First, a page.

Version 2 (modified by Simon Marlow, 9 years ago) (diff)

document the choice about when kind inference takes place, and add Ross's objections

Liberal Type Synonyms

Brief Explanation

See the GHC Documentation on this extension.

The basic idea is that type validity checking is done after expanding type synonyms. This means that type synonyms can be written unsaturated, as long as the result of expanding synonyms leaves everything saturated. This is sometimes quite useful.

There are also interactions with RankNTypes - a type synonym may expand to a quantified type.


Adopt GHC's approach to type synonym expansion.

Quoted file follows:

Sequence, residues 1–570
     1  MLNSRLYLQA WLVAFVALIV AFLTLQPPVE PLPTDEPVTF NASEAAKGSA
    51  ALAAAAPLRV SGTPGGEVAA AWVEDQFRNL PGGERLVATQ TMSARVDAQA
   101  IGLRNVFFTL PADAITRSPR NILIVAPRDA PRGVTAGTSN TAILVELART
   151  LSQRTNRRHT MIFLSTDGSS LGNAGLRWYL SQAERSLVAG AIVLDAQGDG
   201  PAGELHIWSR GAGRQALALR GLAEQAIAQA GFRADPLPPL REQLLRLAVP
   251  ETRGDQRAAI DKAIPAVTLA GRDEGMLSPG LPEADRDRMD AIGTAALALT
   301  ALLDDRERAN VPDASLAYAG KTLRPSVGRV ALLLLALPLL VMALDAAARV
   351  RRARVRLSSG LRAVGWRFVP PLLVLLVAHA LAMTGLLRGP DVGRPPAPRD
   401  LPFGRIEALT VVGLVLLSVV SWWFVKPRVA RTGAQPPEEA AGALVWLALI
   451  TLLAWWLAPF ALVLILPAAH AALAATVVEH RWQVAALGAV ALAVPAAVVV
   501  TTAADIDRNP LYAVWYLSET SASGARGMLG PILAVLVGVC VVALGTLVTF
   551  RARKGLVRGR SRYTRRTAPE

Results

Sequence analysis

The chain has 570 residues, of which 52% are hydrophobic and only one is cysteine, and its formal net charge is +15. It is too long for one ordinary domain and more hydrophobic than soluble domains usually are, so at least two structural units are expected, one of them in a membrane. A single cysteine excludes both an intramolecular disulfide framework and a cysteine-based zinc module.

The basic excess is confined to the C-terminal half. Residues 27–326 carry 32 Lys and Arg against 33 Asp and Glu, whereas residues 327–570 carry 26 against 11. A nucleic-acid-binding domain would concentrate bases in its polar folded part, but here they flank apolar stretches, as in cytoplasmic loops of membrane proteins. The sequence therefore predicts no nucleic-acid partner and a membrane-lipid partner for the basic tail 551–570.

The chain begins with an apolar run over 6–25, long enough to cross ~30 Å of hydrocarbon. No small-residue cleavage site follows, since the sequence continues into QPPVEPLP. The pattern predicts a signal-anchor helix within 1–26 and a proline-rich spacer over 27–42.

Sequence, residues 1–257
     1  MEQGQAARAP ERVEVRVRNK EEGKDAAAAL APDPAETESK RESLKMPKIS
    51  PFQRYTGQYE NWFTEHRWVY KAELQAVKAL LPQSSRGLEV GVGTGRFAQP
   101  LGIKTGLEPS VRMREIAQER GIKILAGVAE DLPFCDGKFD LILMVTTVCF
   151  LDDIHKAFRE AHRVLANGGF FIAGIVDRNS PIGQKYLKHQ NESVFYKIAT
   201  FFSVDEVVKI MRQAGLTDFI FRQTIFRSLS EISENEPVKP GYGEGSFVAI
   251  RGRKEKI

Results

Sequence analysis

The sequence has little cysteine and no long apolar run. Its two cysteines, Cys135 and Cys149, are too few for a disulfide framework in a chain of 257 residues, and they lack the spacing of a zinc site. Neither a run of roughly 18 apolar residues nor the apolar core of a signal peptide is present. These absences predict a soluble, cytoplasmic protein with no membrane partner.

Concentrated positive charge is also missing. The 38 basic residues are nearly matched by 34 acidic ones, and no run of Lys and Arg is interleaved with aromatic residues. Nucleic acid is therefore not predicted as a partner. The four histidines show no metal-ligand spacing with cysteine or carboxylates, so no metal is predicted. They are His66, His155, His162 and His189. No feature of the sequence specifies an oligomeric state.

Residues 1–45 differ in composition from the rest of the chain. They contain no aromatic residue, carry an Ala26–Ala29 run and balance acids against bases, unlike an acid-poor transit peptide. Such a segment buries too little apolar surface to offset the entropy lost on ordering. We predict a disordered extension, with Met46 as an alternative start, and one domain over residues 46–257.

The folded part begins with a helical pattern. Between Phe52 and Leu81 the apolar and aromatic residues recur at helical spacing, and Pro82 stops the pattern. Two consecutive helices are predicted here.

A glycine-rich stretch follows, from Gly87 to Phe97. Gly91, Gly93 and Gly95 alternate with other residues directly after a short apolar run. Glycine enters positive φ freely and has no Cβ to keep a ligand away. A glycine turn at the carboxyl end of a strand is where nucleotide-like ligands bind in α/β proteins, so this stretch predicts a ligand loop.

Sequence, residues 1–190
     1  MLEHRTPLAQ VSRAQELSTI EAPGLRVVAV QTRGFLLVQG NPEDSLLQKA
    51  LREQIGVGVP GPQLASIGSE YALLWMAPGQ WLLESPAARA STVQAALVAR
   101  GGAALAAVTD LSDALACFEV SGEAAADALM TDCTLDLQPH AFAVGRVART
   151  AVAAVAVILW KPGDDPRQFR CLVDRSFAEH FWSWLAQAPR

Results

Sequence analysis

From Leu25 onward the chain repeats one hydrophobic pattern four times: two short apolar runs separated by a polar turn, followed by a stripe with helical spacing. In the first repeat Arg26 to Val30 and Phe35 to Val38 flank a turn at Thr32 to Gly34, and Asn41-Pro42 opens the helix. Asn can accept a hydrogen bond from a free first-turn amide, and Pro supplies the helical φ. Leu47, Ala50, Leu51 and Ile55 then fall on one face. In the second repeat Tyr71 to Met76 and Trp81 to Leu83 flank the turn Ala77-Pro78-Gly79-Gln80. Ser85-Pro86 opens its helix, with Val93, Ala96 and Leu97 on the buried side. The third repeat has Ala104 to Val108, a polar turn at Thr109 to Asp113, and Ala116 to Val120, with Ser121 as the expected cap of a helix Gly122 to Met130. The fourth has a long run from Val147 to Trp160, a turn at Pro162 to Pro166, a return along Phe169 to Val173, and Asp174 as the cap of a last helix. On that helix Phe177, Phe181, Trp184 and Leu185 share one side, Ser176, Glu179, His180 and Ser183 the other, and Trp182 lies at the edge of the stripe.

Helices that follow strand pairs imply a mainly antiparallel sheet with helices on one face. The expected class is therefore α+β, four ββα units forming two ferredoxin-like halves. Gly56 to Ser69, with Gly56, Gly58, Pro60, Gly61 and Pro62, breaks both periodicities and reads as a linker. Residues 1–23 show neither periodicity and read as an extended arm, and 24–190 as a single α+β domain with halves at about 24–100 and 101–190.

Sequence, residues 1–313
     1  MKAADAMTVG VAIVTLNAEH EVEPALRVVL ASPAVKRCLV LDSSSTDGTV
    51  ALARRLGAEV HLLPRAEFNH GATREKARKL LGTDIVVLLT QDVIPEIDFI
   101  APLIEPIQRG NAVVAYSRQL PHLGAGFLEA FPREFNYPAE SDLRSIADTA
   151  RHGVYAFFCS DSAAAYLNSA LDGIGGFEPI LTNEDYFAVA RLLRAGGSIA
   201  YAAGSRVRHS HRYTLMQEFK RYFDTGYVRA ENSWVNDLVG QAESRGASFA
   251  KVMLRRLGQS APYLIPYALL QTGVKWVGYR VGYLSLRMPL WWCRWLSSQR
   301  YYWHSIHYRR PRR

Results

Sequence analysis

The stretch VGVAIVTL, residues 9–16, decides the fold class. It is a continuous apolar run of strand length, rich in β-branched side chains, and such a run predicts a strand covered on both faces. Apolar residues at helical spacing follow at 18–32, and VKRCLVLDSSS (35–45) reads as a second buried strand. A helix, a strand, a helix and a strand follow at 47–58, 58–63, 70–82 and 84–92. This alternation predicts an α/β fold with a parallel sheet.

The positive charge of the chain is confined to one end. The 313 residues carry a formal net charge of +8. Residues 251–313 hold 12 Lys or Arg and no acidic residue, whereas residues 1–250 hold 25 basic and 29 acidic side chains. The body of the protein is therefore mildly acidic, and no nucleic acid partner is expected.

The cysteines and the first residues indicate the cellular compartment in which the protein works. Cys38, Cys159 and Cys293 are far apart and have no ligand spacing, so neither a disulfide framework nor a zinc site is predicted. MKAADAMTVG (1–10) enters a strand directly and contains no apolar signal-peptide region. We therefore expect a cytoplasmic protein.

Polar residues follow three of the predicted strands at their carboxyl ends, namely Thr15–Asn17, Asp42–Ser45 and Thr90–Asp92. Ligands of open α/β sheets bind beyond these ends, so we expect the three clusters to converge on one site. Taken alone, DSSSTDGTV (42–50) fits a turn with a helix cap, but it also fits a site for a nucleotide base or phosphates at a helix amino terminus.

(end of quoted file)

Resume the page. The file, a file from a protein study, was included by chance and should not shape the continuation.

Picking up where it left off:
Design choices

Should kind inference be done before, or after expanding type synonyms? That is, should a type synonym have a fixed kind or not?

Currently GHC does kind inference before expanding type synonyms, and gives each type synonym a fixed kind. The following program is rejected:

type T f a = f a

x :: T (T (,) Int) Float
x = (1,2.0)


    `(,)' is not applied to enough type arguments
    Expected kind `* -> *', but `(,)' has kind `* -> * -> *'
    In the type `T (,) Int'
    In the type `T (T (,) Int) Float'
    In the type signature for `x':
      x :: T (T (,) Int) Float 

In favour of GHC's approach is that type errors are more likely to be given in terms of types that the programmer actually wrote. However, this does reject more programs, and perhaps it would be simpler to treat type synonyms uniformly as macros, without kinds?



add Liberal Type Synonyms


  • Small generalisation
  • Easily specified
  • Quite handy


  • It's so … syntactic.
  • There are the usual worries about deferred checking leading to less informative diagnostics.